Assessment of mobility, including identification of peripheral visual field loss, is very important since impaired mobility should trigger referral for assessment by an orientation and mobility (O+M) instructor. Mobility training may be crucial to reestablishing independence. Patients also need to be made aware of the importance of appropriate signaling of their visual impairment. Many feel that carrying a long cane or similar aid publicizes their vulnerability to individuals who might take advantage of it, but well-meaning individuals need to be made aware of the patient’s visual impairment, so that they can provide assistance where needed.
Comprehensive Rehabilitation Plans
A comprehensive vision rehabilitation plan requires attention to more than just how the eyes function. Figure 25–2 provides a summary of the possible interventions. It is useful to use this as a checklist, although not all parts will be needed in every case.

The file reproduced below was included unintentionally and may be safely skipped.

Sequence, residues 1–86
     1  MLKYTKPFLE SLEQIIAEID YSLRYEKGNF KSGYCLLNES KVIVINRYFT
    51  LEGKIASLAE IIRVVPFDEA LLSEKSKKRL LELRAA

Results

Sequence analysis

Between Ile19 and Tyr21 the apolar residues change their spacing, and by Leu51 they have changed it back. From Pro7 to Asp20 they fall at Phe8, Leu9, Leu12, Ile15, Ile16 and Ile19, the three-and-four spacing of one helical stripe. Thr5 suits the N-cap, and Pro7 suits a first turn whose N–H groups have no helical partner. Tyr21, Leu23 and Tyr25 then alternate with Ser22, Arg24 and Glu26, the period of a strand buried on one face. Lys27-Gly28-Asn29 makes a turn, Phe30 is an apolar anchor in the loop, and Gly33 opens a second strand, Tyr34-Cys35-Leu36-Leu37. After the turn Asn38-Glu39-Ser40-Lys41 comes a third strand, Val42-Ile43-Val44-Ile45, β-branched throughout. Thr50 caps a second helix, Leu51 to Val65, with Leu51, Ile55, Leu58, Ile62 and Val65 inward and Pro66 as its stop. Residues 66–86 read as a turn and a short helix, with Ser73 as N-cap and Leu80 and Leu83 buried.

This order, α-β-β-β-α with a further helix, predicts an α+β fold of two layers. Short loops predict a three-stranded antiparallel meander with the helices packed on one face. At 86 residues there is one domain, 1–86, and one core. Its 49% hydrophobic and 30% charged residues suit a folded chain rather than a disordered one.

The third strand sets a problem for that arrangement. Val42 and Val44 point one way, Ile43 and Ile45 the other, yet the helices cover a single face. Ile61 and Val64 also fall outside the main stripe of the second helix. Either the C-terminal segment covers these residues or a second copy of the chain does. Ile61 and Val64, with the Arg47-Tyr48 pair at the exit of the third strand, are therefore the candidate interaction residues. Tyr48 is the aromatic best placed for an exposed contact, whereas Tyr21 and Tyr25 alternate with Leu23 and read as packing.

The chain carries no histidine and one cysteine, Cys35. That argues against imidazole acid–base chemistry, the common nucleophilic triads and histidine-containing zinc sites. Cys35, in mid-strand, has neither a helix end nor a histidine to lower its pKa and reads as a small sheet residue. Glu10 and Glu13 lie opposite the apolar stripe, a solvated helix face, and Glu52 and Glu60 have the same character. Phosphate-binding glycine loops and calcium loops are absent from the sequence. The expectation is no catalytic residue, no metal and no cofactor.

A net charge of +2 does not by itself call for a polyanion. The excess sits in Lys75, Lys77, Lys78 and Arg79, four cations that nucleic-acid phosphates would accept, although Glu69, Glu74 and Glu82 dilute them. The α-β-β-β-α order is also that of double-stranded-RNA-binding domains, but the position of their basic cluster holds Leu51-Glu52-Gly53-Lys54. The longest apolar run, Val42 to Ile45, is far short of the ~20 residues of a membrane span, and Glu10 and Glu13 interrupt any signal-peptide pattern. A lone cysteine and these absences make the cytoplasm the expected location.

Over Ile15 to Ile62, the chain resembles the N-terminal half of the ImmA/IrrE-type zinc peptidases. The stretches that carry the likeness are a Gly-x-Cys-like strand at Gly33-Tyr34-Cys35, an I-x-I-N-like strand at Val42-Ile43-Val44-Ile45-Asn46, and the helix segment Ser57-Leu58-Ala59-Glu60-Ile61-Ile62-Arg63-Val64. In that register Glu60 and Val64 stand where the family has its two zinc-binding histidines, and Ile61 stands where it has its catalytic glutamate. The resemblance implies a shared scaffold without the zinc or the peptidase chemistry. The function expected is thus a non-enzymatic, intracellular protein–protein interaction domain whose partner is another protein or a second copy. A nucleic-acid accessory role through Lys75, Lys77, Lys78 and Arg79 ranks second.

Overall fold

Vision substitution refers to the use of senses other than vision. Common examples include talking books and voice-output devices (see Chapter 24), Braille, and long canes. Vision enhancement and vision substitution are not mutually exclusive but complementary. A patient may use a magnifier to read price tags and talking books for recreational reading. A patient with retinitis pigmentosa, who has normal mobility in the daytime, may need a cane at night. Audio cassettes may have Braille labels.
Assistance is a form of vision substitution using the eyes of others. Family members, caregivers, and office personnel should be familiar with sighted-guide techniques to effectively assist visually impaired patients with minimal embarrassment. Guide dogs are another possibility. They require training of the dog as well as of the patient, who needs to be physically active and able to manage the dog.